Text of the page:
Young Tibetans in particular seem to have given up hope of returning to Chinese-ruled Tibet, the country their parents or grandparents left, and are increasingly expressing this attitude in their Kashmiri dress and language.

“We will live in Kashmir forever, and that is a reality,” says Zakir. “Look at the next generation. They don’t even know about their exile. They may be Tibetan in color and blood, but [they are] Cashmere in habits, language and taste. “

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Recipes with Whole Wheat Pasta

Zoodle Ramen Bowls Recipe (Dairy-Free, Gluten-Free, Low-Carb)



Would you like to combine your lunch break with some healthy alternatives? Do you want to save grain – even just a little? Are you trying to eat more plants? Do you have a lot of zucchini to consume? If you answered yes to any or all of these questions, try this zoodle ramen bowl recipe. It’s full of vegetables and flavor, and easy to make! Not to mention, it’s naturally dairy-free, gluten-free, grain-free, nut-free, and low in carbohydrates to suit various nutritional needs.

Zoodle ramen is how we make superfood bowls at home

This recipe is just slightly different from the recipe for Vegetarian Ramen Zoodle Bowls in. modified The Atkins 100 edible solution. In the past, all Atkins food was milk-filled, but in recent years they have struggled to offer more dairy-free low-carb options like this one. It’s full of cheap, everyday veggies and just enough protein for balance.

But what if you don’t have a spiralizer? There is no rule that you have to do zoodles. You can simply slice or chop the zucchini to make a delicious Japanese-style soup. The spiraling just makes it “ramen”.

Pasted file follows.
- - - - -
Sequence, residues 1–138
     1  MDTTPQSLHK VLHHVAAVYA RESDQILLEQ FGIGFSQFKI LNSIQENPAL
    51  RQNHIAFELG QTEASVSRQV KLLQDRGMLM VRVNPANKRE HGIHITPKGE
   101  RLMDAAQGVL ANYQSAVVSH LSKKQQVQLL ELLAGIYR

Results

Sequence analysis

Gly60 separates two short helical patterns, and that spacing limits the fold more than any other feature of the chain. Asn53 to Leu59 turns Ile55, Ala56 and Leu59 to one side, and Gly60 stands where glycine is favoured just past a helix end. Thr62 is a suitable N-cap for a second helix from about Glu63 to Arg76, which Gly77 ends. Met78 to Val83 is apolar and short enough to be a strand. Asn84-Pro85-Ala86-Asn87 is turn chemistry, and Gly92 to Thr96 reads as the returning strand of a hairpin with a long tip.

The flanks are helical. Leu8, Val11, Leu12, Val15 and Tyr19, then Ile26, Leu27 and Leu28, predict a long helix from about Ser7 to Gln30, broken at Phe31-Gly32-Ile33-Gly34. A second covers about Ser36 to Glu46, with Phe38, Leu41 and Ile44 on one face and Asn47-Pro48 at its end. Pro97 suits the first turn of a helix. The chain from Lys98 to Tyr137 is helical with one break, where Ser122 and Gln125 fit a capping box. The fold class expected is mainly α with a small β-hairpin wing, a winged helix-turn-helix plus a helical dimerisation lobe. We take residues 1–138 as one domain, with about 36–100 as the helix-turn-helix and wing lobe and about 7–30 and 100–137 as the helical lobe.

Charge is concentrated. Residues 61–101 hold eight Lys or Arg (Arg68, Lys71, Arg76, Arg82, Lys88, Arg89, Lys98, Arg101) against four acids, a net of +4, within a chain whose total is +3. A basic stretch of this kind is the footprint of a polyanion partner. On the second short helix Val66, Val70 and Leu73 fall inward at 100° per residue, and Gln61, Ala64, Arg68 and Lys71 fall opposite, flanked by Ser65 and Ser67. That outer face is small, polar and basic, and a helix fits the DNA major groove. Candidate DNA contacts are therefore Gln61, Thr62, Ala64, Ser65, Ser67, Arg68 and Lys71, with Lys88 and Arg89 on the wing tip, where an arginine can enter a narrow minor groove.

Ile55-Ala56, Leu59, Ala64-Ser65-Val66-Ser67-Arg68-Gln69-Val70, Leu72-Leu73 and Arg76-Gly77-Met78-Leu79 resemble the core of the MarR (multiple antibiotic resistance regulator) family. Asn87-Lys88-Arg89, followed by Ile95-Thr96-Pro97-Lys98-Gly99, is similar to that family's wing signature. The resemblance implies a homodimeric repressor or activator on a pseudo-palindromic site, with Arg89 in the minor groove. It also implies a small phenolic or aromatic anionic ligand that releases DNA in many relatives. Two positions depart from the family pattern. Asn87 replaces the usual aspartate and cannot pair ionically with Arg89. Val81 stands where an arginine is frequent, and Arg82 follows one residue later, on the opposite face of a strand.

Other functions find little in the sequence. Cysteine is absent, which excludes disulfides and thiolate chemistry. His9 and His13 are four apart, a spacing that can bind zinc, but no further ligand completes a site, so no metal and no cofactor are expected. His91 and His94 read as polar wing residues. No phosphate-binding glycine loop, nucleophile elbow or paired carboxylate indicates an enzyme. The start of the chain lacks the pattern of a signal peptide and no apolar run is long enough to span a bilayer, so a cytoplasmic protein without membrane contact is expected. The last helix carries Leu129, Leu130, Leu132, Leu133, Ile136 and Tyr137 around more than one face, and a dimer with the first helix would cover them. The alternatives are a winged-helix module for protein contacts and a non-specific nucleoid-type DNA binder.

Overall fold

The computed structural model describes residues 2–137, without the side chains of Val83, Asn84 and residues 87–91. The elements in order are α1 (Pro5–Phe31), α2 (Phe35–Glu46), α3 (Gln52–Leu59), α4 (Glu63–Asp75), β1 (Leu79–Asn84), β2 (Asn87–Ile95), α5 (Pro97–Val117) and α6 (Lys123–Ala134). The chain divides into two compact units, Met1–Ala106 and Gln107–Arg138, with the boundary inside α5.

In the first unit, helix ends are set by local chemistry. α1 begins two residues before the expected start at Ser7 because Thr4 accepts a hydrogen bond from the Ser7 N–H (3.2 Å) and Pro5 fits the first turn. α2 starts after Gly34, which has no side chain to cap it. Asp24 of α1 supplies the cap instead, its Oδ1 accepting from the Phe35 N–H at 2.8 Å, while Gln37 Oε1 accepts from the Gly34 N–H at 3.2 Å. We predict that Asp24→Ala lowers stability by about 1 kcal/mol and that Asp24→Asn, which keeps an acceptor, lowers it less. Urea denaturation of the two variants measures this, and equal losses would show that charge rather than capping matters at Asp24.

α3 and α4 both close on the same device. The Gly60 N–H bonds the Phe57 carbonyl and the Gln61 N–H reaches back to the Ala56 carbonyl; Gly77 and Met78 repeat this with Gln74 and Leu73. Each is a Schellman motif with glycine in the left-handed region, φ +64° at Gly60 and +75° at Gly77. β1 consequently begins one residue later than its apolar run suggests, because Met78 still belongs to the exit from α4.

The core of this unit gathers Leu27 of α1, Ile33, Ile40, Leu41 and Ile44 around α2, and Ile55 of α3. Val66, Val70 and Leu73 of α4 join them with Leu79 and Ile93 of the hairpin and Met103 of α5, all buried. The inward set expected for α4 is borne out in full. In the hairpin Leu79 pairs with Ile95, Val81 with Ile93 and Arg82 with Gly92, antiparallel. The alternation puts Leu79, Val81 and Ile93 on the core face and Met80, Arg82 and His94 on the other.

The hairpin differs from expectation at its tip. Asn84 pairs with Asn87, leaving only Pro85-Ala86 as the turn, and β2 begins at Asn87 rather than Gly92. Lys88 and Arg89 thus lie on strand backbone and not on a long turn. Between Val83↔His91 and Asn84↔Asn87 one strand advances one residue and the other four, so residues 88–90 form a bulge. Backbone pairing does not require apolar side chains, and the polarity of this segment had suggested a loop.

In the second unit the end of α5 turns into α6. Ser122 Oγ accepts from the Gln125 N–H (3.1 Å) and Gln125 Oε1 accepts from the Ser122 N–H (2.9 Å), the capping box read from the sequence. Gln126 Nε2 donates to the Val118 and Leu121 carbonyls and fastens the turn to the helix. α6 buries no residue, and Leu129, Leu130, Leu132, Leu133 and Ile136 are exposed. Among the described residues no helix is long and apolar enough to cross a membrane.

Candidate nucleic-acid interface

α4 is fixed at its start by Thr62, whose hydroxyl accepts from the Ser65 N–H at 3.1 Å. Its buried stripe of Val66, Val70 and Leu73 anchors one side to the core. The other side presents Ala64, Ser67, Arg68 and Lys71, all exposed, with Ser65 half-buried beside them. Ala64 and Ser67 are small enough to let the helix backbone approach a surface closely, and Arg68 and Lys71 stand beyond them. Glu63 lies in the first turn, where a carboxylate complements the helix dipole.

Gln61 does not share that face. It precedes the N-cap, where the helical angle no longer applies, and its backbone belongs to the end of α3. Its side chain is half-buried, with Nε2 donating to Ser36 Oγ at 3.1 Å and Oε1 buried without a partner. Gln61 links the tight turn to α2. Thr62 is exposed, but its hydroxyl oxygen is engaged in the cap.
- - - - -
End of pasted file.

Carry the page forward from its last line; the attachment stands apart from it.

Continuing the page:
Zoodle Ramen Bowls Recipe - Healthy Zucchini Recipe Full of Plants!  Superfood, low-carb, Atkins soup that is dairy-free and gluten-free.  Plant-based, vegan, and allergy-friendly options

Special Nutrition Advice: Zoodle Ramen Bowls

According to ingredients, this recipe is dairy-free / dairy-free, gluten-free, grain-free, tree nut-free, optionally peanut-free, optionally soy-free, optional paleo, and vegetarian. Be sure to choose a broth that suits your nutritional needs.

For egg free Zoodle Ramen Bowls, replace the egg with your favorite protein. We like tofu (not soy free) or chicken with this dish. Use a vegetable protein for vegan.

Zoodle ramen bowls


Recipe type: main dish

Kitchen: Japanese

  • 4 large eggs
  • 2 cups of water, plus extra for boiling and ice water
  • 1 liter (4 cups) vegetable broth
  • 3 cups of broccoli florets
  • 4 cups of spiraled zucchini
  • 1 (5-ounce) sachet of baby spinach
  • 1 tablespoon + 2 teaspoons of white miso paste (use chickpea miso for soy-free)